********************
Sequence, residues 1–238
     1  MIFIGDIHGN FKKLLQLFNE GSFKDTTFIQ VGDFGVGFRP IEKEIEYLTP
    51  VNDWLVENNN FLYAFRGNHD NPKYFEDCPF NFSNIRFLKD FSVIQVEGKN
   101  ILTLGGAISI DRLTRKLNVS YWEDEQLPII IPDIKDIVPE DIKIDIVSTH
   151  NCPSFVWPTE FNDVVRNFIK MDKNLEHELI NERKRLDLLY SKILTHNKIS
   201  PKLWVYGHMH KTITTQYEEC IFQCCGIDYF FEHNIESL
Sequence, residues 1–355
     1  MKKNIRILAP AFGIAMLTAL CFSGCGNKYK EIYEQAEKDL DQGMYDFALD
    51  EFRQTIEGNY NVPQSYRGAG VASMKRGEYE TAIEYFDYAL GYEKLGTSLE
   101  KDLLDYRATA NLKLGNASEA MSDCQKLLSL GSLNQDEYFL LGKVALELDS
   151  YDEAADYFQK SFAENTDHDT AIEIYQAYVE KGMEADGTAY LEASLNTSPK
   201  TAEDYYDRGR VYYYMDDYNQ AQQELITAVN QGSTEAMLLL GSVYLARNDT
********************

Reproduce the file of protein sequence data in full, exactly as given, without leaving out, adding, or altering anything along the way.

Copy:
Sequence, residues 1–238
     1  MIFIGDIHGN FKKLLQLFNE GSFKDTTFIQ VGDFGVGFRP IEKEIEYLTP
    51  VNDWLVENNN FLYAFRGNHD NPKYFEDCPF NFSNIRFLKD FSVIQVEGKN
   101  ILTLGGAISI DRLTRKLNVS YWEDEQLPII IPDIKDIVPE DIKIDIVSTH
   151  NCPSFVWPTE FNDVVRNFIK MDKNLEHELI NERKRLDLLY SKILTHNKIS
   201  PKLWVYGHMH KTITTQYEEC IFQCCGIDYF FEHNIESL
Sequence, residues 1–355
     1  MKKNIRILAP AFGIAMLTAL CFSGCGNKYK EIYEQAEKDL DQGMYDFALD
    51  EFRQTIEGNY NVPQSYRGAG VASMKRGEYE TAIEYFDYAL GYEKLGTSLE
   101  KDLLDYRATA NLKLGNASEA MSDCQKLLSL GSLNQDEYFL LGKVALELDS
   151  YDEAADYFQK SFAENTDHDT AIEIYQAYVE KGMEADGTAY LEASLNTSPK
   201  TAEDYYDRGR VYYYMDDYNQ AQQELITAVN QGSTEAMLLL GSVYLARNDT